15 Jan 2018
What is an extravasation injury? It is when the fluid being infused into your body via an IV drip (cannula) in your vein, usually in your hand/arm escapes into surrounding tissue, instead of remaining in the vein as it is supposed to. Some commonly used medicines, such as antibiotics, can be dangerous when they escape from the drip or the vein.
The problems caused by an extravasation injury can vary from blisters or minor scarring, to a severe chemical burn which can even cause the cells or tissue to die. We have had cases where extensive skin grafting was required following an extravasation injury to the forearm where the drug leaked into surrounding tissue and caused a chemical burn. Even IV saline solution, which one would think would be virtually harmless, can cause mechanical failure in the structures of the hand if not treated promptly and properly.
Sometimes the cannula is inserted incorrectly, which can cause the extravasation injury. Of course, not all extravasation injuries are negligently caused – there is the potential for problems at any time a foreign object (ie a cannula) is introduced into the body. With proper and regular monitoring of a cannula site, risk are minimal. Hospitals usually have protocols/procedures in place for cannulated patients which it is intended that medical staff follow. It is when these protocols/procedures are not strictly followed that problems arise. It is therefore usually the treatment of the extravasation when discovered which is the of the most importance.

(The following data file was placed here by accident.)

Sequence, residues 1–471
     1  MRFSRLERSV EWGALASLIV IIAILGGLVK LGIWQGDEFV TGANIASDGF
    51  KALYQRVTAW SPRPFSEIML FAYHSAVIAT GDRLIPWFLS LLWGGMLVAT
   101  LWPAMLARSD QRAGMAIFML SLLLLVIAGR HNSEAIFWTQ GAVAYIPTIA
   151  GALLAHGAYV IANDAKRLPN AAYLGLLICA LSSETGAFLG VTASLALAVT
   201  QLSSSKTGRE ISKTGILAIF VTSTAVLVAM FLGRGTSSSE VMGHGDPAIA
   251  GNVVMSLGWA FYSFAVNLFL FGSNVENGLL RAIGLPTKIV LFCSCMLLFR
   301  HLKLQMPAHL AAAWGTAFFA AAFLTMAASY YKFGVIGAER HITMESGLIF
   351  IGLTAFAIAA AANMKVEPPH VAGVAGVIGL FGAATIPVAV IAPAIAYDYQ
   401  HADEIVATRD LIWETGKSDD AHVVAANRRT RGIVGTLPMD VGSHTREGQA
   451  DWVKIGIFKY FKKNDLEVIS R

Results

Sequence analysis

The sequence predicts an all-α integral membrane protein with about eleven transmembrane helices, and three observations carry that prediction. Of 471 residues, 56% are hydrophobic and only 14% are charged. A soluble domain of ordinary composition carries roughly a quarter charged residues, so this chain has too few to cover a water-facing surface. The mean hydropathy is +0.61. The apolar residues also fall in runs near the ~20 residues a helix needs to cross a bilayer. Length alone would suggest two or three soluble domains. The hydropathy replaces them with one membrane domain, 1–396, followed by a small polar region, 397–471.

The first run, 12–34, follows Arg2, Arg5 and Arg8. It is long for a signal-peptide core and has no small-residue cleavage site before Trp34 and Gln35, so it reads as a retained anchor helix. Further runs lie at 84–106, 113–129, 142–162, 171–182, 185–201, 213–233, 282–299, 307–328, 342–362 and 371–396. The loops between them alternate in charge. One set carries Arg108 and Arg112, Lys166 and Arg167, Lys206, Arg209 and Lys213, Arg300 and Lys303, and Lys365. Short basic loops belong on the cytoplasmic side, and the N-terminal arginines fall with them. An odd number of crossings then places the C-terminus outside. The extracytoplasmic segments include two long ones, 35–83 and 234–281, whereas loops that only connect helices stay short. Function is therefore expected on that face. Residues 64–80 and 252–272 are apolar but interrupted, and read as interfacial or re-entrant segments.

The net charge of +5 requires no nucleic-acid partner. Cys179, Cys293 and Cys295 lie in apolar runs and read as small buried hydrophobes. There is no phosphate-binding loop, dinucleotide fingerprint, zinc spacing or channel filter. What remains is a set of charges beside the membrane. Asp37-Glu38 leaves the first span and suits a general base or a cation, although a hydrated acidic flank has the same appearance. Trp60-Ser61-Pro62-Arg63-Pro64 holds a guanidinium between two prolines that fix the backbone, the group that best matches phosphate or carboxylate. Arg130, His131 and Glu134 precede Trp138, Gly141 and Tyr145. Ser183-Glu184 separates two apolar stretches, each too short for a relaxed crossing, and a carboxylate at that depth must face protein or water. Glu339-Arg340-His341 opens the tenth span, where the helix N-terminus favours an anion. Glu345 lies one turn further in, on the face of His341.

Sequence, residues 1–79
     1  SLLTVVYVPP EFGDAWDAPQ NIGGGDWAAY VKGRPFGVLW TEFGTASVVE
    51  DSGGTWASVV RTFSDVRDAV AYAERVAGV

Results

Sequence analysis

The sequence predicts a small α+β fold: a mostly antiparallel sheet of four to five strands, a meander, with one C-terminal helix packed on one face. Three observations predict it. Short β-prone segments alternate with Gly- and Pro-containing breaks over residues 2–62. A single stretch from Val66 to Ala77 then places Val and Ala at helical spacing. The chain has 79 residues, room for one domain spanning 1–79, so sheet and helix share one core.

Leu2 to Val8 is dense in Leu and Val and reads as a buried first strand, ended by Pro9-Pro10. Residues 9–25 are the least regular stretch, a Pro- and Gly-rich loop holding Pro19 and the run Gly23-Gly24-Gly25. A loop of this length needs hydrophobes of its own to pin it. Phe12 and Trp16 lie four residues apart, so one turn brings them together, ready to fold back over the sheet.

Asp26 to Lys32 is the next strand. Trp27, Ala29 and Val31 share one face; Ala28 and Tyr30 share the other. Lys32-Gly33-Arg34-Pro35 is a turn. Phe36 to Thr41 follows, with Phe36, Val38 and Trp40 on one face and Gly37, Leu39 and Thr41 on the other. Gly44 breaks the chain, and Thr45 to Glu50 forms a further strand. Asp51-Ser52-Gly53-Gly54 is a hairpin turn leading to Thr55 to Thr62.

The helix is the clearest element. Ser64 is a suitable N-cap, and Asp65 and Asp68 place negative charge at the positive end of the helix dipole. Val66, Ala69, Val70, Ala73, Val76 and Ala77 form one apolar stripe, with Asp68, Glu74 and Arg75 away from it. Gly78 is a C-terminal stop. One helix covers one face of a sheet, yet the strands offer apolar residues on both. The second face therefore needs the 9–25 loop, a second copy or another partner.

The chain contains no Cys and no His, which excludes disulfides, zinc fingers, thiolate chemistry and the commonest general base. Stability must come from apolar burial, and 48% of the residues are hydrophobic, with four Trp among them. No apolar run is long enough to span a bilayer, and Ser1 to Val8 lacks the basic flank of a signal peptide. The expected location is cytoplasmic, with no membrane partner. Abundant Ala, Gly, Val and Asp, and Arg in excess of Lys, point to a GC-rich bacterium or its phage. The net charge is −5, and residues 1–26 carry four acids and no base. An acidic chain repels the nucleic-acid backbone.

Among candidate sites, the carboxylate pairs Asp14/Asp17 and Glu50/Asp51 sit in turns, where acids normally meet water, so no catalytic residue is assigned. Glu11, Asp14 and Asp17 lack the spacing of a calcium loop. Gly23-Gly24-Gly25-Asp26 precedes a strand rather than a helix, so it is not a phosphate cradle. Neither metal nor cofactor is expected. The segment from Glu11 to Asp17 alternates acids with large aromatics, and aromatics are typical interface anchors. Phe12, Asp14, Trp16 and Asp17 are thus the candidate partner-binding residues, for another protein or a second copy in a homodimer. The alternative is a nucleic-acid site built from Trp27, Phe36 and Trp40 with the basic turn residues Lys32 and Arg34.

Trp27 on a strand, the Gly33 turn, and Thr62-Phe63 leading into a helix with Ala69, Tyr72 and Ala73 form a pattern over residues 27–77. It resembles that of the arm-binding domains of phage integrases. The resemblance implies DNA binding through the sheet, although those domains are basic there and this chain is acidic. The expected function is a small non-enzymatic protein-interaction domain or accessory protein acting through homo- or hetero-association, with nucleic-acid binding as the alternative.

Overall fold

We have a register of experts on hand whom we can approach to comment upon the standard of care you received whilst in hospital.
If you have recently suffered with unexpected skin/nerve/tissue damage at an IV drip site, you may well have a valid claim in medical negligence. If you feel you have suffered as a result so don’t delay – telephone and speak to one of our clinical negligence team today.on 01633 244233.
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